Dodgers' offense and bullpen come through to beat Padres and snap losing streak

Jorge Castillo, Los Angeles Times on

Published in Baseball

LOS ANGELES -- The Los Angeles Dodgers technically played their 19th game of the 2020 season Wednesday. But the stakes were higher than that number suggests. Each game weighs more in this 60-game race to the postseason. And the Dodgers, looking to avoid a third straight loss to a budding contender, operated with an urgency not seen in 19th games of the past.

Recently stung by their reliance on the home run, the Dodgers dug into the archives to manufacture runs with small ball and aggressively deployed their bullpen before putting the game away with a four-run eighth inning to beat the San Diego Padres, 6-0, at Dodger Stadium.

Tony Gonsolin, recalled to start Wednesday, was cruising through four innings when he encountered trouble in the fifth. Pitching coach Mark Prior emerged from a mound visit with a runner on first base, two outs, and Fernando Tatis Jr., the Padres' best hitter, on deck. Gonsolin then allowed a single to Jurickson Profar to put runners on first and second. His night ended there, after 82 pitches and a career-high eight strikeouts in 4 2/3 innings.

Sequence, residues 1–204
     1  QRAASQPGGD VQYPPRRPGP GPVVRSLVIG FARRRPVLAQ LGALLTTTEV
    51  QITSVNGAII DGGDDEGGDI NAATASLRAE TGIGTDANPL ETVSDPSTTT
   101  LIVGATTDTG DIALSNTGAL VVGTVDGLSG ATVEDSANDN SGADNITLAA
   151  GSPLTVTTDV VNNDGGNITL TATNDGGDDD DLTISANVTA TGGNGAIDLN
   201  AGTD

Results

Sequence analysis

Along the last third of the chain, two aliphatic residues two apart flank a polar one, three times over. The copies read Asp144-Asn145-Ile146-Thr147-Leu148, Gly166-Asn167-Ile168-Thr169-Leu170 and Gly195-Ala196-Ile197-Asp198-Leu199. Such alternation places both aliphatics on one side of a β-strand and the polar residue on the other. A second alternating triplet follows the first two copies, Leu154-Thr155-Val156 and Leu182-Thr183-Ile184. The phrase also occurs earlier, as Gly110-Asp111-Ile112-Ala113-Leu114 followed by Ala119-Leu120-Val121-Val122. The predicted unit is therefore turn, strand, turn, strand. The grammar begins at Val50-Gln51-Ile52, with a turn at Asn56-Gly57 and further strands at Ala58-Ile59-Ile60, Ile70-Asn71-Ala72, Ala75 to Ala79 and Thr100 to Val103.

Sensing the situation's importance, Roberts gave the ball to Blake Treinen, perhaps the Dodgers' best reliever, to escape the jam. Treinen struck Tatis out.

AJ Pollock drew a leadoff walk in the bottom of the fifth before Chris Taylor dropped a bunt single to third. Edwin Rios then hammered a line drive off Padres starter Zach Davies' glove for an RBI single. Austin Barnes next safely reached base with a safety squeeze to score Taylor from third and give the Dodgers (12-7) a two-run cushion.

Five Dodgers relievers held the Padres scoreless over 4 1/3 innings to drop the bullpen's 1.31 earned-run average entering Wednesday even lower.


Before the game, Dodgers manager Dave Roberts was unusually terse and defensive in his daily videoconference call with reporters.

Roberts was first asked if he had ever seen a group of prominent hitters simultaneously endure slumps together before. Cody Bellinger, Max Muncy and Joc Pederson all entered Wednesday with batting averages under .200.

"It happens every year that a group of guys aren't swinging the bat well," Roberts said. "We have this conversation every year. Every manager does. So, I think the guys are handling it well."

Roberts was then asked about the decision to recall and start Gonsolin before a question was posed about whether Clayton Kershaw was fine with getting pushed back a day. Kershaw was originally scheduled to start Thursday and was moved to Friday. The manager scoffed before saying Kershaw approved.


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